One of the bakers here at Macrina noticed that Julia Child’s birthday was coming up on August 15th and suggested I write about my experience filming Baking with Julia in 1996. It just so happens I’m currently in Boston visiting my dear friend Susan Regis, a super host as well as a James Beard Award-winning chef so the walk down memory lane is timely in many ways.
Susan accompanied me to Julia Child’s house for the filming of my episode that memorable summer day in 1996. Susan, who has presided over some of the most storied Boston kitchens, knew Julia Child through the Cambridge food network. I was glad my supportive friend was with me because I was going to cook in Julia Child’s kitchen. The Julia Child’s kitchen! It still gives me goose bumps to think about it. I’d done cooking classes before, but not on television and not standing next to Julia Child’s famous pegboard. It was a dream come true, and yet I was absolutely terrified.
I’d met Julia Child briefly back in the 80’s when I cooked at Jasper’s, a great restaurant on the Boston waterfront in its day. I was very surprised and honored when I got a call and heard that Julia Child was interested in featuring me in an episode of Baking with Julia, the show that would go on to win an Emmy Award and a James Beard Award. Macrina had only been open for three years. She traveled to Seattle, visited the bakery, and loved it. I wanted to do bread, my true love, but they had already lined up several very prominent bakers to be on the show. Julia loved our pastries and convinced me to make tarts.
When the time came, I flew to Boston and with Susan in tow made my way to Julia Child’s imposing Cambridge clapboard house. The house was bustling with activity. There was a prep kitchen set up in the basement and her kitchen was transformed into a studio, full of lights, people, and cameras. There was a make-up artist, the cookbook writer Dorie Greenspan, who was writing the companion cookbook to the show, the producer Geoffrey Drummond, and several others bustling about.
It turned out that the night before we were to film there were some electrical problems and the air-conditioning had gone out. They’d had to bring in a generator and had hooked up an ad hoc cooling system. Silver accordion ducts poked through windows and out of hallways blowing cold air. Those cameras put out a lot of heat. Even with all their efforts it was still mid-eighties in that kitchen. It didn’t feel like a good omen.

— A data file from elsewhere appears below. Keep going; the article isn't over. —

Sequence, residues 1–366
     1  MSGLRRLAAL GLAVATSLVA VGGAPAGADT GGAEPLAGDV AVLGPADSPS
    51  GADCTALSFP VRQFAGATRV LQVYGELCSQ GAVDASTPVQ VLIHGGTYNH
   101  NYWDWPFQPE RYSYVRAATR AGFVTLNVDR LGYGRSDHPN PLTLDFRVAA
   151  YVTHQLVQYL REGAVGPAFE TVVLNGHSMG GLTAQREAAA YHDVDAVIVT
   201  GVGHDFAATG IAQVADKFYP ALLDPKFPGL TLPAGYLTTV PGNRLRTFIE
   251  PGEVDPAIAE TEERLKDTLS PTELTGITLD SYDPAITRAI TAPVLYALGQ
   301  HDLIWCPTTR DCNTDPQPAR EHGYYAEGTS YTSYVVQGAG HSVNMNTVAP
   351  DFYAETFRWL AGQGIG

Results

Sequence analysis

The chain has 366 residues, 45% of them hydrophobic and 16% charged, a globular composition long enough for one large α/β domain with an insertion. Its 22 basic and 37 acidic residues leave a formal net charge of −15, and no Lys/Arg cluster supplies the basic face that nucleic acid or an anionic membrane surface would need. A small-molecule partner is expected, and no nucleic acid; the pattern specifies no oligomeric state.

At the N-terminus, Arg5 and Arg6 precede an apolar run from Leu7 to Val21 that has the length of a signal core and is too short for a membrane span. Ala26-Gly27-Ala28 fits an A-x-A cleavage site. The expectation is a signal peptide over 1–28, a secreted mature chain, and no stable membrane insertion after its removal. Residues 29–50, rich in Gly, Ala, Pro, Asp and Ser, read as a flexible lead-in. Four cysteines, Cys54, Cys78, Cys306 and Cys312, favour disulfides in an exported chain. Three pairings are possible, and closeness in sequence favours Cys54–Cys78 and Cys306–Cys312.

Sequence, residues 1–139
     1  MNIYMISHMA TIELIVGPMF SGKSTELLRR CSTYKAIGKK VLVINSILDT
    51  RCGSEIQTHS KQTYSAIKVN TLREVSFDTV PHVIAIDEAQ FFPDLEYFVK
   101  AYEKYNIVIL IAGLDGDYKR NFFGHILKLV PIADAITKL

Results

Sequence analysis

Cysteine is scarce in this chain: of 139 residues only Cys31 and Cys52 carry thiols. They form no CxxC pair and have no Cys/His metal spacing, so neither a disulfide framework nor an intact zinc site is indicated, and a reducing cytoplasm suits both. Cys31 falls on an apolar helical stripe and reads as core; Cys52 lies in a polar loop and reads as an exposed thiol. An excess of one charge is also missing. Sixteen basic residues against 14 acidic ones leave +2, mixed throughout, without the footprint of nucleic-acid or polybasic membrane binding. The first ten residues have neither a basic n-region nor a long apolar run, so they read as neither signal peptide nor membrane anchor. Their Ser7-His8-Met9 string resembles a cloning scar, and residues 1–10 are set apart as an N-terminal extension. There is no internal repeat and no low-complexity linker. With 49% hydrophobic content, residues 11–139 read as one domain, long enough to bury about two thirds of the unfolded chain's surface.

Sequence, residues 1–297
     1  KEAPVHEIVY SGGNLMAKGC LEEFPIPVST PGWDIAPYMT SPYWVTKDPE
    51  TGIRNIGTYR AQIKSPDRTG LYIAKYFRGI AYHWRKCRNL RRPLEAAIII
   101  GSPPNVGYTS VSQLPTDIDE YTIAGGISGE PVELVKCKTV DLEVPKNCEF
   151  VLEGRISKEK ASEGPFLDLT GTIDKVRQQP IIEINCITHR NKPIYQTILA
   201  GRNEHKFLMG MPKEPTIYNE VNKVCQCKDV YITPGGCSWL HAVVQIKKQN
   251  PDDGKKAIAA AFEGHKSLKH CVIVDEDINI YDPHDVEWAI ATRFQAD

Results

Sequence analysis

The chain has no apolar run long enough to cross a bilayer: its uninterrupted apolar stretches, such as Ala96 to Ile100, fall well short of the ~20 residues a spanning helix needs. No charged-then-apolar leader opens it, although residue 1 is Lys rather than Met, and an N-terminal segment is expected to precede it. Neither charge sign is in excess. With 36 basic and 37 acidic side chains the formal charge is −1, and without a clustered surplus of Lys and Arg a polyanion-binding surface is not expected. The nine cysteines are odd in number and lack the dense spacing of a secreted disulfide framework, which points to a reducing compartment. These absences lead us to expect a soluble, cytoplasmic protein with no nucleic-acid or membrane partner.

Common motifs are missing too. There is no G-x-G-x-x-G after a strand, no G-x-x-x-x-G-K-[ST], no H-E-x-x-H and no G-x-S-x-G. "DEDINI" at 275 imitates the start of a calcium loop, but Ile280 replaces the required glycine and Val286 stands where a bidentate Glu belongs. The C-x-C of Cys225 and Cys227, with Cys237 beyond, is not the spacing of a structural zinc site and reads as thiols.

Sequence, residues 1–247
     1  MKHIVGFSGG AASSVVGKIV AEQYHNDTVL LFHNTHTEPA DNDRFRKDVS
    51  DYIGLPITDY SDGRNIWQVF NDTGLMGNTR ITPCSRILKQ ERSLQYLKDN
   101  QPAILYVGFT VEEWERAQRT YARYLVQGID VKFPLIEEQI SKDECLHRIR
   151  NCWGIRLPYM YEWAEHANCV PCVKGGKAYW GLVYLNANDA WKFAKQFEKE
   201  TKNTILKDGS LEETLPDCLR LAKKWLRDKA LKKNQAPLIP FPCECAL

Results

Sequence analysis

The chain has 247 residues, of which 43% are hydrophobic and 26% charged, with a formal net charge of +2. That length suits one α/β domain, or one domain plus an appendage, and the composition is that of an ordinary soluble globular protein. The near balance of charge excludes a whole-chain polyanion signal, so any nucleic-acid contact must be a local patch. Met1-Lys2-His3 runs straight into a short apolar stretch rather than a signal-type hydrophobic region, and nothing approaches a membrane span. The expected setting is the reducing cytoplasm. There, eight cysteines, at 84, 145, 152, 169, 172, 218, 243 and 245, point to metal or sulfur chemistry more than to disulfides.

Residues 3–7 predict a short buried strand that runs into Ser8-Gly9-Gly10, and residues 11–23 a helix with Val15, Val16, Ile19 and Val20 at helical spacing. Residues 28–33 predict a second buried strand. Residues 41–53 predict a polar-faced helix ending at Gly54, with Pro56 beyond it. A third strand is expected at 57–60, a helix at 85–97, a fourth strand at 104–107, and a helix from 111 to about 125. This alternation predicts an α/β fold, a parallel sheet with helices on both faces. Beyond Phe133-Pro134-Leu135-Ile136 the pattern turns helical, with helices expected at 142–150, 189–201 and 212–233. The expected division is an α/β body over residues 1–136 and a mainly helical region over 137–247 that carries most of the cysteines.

I planned to make two crusts, our classic pie crust, and our crostata crust. With the pie crust I would make three tarts, a French Apple Tart, a Baked Yogurt Tart with Blackberries and Almonds, and a Blueberry Nectarine Tart. With the crostata crust I would make a Raspberry Fig Crostata. As filming started, we found the dough had to be kept in a cooler between takes. It was too hot and tart dough can be a prickly creature in warm weather. My nerves might have overwhelmed me in this less than ideal scenario if Julia Child wasn’t so graceful. She asked me instinctive questions, leading me along, smoothly adding details to help the home cook. I relaxed in a few minutes.
The rest of the day was a blast, even with the hot kitchen. The tarts came out perfectly! I even got to the crostata. Evidently I was fast, and we managed to film more than enough for one show. So I got a bonus half-show that just focused on the crostata. All of the humor and wit and personal connection that you see from Julia Child on the show came across even more between takes. It was unbelievably stimulating and thrilling to be there.
As I packed up my stuff, tired, hot, and exhilarated, little did I know that the best part of the day was yet to come. Susan invited Julia Child over to her house for a barbecue on the roof. Susan lived in a North End brownstone, four flights of stairs to the roof. Julia Child was 84 years old then, her husband Paul had passed away two years earlier. To my great surprise, Julia accepted the invitation. Geoffrey Drummond and Dorie Greenspan accompanied her. She scaled the four flights just fine, took a seat in an Adirondack chair and held court with a roof deck of people, most half her age. She talked of meals and wines, recalling nuances of flavor and special dishes fondly. What a memory she had. I think we grilled pizzas and I know there was lots of great food. I barely remember all that now. What I remember is Julia Child, sitting on the roof sharing her passions, not at all pretentious, incredibly approachable, humble, and full of grace.
That experience is one of the great memories of my life. The cookbook turned out beautifully. I was so pleased that in addition to my tarts and crostata they included my potato bread as well. It’s so much fun to be back at Susan’s recalling that day.
Happy Birthday, Julia Child. You will never be forgotten.
Watch Baking with Julia featuring Leslie Mackie http://video.pbs.org/video/2250839787/